Towards a general theory of biodiversity

Elizaveta Pachepsky, John W. Crawford, James L. Bown, Geoff Squire

Research output: Contribution to journalLetter

  • 55 Citations

Abstract

The study of patterns in living diversity is driven by the desire to find the universal rules that underlie the organization of ecosystems. The relative abundance distribution, which characterizes the total number and abundance of species in a community, is arguably the most fundamental measure in ecology. Considerable effort has been expended in striving for a general theory that can explain the form of the distribution. Despite this, a mechanistic understanding of the form in terms of physiological and environmental parameters remains elusive. Recently, it has been proposed that space plays a central role in generating the patterns of diversity. Here we show that an understanding of the observed form of the relative abundance distribution requires a consideration of how individuals pack in time. We present a framework for studying the dynamics of communities which generalizes the prevailing species-based approach to one based on individuals that are characterized by their physiological traits. The observed form of the abundance distribution and its dependence on richness and disturbance are reproduced, and can be understood in terms of the trade-off between time to reproduction and fecundity.
Original languageEnglish
Pages (from-to)923-926
Number of pages4
JournalNature
Volume410
Issue number6831
DOIs
StatePublished - 19 Apr 2001

Fingerprint

fecundity
biodiversity
ecology
ecosystems

Cite this

Pachepsky, E., Crawford, J. W., Bown, J. L., & Squire, G. (2001). Towards a general theory of biodiversity. Nature, 410(6831), 923-926. DOI: 10.1038/35073563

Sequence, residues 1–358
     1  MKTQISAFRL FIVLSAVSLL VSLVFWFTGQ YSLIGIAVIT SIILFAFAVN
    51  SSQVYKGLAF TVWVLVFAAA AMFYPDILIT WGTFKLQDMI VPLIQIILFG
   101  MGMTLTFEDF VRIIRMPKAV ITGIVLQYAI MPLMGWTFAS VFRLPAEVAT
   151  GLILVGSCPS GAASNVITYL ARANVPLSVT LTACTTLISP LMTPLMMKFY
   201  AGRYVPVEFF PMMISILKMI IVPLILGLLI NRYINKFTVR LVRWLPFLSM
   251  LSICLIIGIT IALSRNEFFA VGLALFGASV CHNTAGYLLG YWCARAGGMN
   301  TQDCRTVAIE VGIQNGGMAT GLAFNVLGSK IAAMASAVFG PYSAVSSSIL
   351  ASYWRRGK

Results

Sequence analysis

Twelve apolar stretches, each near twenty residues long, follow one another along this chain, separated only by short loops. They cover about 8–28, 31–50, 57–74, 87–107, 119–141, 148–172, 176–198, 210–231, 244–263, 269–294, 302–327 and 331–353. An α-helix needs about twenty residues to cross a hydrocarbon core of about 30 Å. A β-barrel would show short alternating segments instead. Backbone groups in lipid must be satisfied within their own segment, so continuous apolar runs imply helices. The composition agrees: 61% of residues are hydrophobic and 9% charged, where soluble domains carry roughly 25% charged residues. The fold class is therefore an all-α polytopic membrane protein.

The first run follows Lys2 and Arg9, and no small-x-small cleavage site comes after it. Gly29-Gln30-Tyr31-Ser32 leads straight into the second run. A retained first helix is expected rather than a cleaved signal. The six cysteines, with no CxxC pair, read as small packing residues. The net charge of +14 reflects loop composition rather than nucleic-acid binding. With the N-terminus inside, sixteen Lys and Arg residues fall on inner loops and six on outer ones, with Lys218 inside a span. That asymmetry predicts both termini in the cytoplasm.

Pachepsky, Elizaveta; Crawford, John W.; Bown, James L.; Squire, Geoff / Towards a general theory of biodiversity.

In: Nature, Vol. 410, No. 6831, 19.04.2001, p. 923-926.

Research output: Contribution to journalLetter

@article{fa60a0ee16594464a80a0fcd7e167444,
title = "Towards a general theory of biodiversity",
abstract = "The study of patterns in living diversity is driven by the desire to find the universal rules that underlie the organization of ecosystems. The relative abundance distribution, which characterizes the total number and abundance of species in a community, is arguably the most fundamental measure in ecology. Considerable effort has been expended in striving for a general theory that can explain the form of the distribution. Despite this, a mechanistic understanding of the form in terms of physiological and environmental parameters remains elusive. Recently, it has been proposed that space plays a central role in generating the patterns of diversity. Here we show that an understanding of the observed form of the relative abundance distribution requires a consideration of how individuals pack in time. We present a framework for studying the dynamics of communities which generalizes the prevailing species-based approach to one based on individuals that are characterized by their physiological traits. The observed form of the abundance distribution and its dependence on richness and disturbance are reproduced, and can be understood in terms of the trade-off between time to reproduction and fecundity.",
author = "Elizaveta Pachepsky and Crawford, {John W.} and Bown, {James L.} and Geoff Squire",
year = "2001",
month = "4",
doi = "10.1038/35073563",